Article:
August 20, 2019
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Belfast-area school district’s controversial consolidation plans shelved

BELFAST, Maine — The controversial plans to close some of the schools in Regional School Unit 20 as a cost-cutting measure have been taken off the table, after a Tuesday night vote by the district’s board of directors.

The three courses of action under consideration by the school board all would have meant closing some of the divided district’s elementary schools, and two would have shut the doors to Searsport District High School and Searsport District Middle School — ideas that were vehemently opposed by some district residents. Only three directors opposed a motion to shelve for good the plans that were brought forward at the regular school board meeting, which was attended by about 40 members of the public.

“As we’ve been going through this process, there has been a growing awareness that none of the plans have been garnering the kind of support they need to pass,” Director Caitlin Hills of Belfast said Wednesday. “It just wasn’t going to happen. The public was getting all fired up. When people talk about closing schools, parents get upset, and rightly so.”

But some district officials said that doing nothing is not a good option either. Director Stephen Hopkins of Belmont said that the eight-town district has seen diminishing student enrollments and state subsidies for education, as well as increasing property taxes. The district includes Belfast, Belmont, Northport, Searsmont, Swanville, Morrill, Searsport and Stockton Springs. In each community, there is now an active effort to withdraw from the district.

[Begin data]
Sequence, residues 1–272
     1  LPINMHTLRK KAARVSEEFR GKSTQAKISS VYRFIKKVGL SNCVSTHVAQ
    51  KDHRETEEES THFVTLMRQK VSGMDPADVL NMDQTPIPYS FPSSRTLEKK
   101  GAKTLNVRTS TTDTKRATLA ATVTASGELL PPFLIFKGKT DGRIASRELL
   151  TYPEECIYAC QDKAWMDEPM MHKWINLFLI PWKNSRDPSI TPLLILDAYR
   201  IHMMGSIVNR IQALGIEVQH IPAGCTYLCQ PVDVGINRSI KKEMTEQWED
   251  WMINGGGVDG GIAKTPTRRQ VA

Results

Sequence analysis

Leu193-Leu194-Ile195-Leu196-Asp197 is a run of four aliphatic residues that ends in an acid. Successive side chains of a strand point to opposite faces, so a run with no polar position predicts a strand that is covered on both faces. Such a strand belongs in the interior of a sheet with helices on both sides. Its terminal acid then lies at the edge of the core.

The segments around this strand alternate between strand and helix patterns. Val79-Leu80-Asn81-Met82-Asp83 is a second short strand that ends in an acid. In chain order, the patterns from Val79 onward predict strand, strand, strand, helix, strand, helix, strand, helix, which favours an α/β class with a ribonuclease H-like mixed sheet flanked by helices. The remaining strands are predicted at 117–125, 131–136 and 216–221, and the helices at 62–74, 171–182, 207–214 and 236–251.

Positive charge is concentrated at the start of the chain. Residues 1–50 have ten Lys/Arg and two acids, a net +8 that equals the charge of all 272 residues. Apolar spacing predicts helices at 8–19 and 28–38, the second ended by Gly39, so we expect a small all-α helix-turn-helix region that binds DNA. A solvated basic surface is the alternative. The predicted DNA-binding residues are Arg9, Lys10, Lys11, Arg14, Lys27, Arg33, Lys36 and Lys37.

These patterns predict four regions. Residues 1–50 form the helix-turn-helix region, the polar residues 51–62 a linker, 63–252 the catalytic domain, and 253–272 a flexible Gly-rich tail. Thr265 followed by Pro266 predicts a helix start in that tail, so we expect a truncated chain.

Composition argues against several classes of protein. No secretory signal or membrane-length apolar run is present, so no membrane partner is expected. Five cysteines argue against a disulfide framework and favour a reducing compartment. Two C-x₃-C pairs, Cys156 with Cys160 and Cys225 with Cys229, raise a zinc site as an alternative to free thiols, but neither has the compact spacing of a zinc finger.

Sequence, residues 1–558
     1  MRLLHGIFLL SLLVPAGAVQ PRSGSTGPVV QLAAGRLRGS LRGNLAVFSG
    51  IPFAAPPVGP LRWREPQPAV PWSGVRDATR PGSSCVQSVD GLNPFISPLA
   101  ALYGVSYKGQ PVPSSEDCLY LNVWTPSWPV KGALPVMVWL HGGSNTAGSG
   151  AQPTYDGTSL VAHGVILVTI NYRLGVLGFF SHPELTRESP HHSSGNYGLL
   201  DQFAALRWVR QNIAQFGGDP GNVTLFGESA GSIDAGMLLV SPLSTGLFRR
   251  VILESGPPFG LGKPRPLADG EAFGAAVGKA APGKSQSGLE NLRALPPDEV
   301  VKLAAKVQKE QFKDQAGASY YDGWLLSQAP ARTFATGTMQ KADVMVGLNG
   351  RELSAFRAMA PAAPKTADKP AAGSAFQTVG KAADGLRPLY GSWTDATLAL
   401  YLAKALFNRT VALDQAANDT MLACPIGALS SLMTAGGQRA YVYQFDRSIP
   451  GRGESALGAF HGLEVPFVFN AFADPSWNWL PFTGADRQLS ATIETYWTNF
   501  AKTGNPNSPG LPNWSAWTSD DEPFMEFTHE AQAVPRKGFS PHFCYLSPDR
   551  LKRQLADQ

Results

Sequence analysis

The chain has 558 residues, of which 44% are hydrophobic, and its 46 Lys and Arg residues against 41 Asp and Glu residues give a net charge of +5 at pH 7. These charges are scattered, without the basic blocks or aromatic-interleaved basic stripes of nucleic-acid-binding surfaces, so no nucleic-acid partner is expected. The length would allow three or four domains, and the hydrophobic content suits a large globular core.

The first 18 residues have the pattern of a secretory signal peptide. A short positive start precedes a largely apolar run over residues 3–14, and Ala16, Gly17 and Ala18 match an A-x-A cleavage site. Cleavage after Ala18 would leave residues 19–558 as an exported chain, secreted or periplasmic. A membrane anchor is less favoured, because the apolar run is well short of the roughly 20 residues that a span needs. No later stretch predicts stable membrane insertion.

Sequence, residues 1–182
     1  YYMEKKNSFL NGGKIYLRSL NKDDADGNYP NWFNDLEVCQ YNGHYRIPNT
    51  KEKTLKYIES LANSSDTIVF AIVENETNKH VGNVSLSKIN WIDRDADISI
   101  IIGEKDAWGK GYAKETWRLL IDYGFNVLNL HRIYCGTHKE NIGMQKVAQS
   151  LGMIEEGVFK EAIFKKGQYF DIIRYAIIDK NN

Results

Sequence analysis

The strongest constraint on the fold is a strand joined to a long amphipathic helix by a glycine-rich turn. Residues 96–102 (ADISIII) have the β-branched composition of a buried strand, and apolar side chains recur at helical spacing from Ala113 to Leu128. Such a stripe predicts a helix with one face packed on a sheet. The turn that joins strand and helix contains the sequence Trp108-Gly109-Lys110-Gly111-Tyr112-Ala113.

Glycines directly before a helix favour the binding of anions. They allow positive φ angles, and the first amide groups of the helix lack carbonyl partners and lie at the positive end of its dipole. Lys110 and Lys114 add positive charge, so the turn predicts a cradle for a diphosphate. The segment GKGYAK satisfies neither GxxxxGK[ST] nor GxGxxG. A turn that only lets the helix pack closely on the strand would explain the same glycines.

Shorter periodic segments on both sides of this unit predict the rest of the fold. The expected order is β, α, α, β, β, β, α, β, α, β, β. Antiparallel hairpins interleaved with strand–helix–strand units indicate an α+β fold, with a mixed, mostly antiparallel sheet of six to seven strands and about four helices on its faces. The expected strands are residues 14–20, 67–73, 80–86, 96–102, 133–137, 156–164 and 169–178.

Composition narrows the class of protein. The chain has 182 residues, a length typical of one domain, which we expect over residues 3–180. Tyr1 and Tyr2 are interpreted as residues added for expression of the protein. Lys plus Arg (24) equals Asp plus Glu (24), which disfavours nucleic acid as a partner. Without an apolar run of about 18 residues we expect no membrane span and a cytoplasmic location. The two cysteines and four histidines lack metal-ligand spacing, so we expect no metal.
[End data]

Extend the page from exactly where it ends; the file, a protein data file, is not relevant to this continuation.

“It’s costing us more per student to educate our kids, the tax rate is going way up and people can’t afford it,” Hopkins said. “I don’t think we should have abandoned the whole thing, the talk about consolidation. The fact that we just walked away from it, I felt was unacceptable. I have a feeling when we have our budget meeting, we’re going to have problems.”

That feeling was seconded by Superintendent Brian Carpenter, who said Wednesday that he’ll show the public the early drafts of the budget for the next fiscal year. He expects that the state will not increase its education subsidy for the district, which currently has a $32 million budget. But he does expect that operational costs, such as for electricity, insurance premiums and No. 2 heating fuel, will go up.

“The question is, where do we go now?” he said. “It looks like we’ll have program cuts and possible teacher cuts, but before I do that, I’m going to put it out to the community.”


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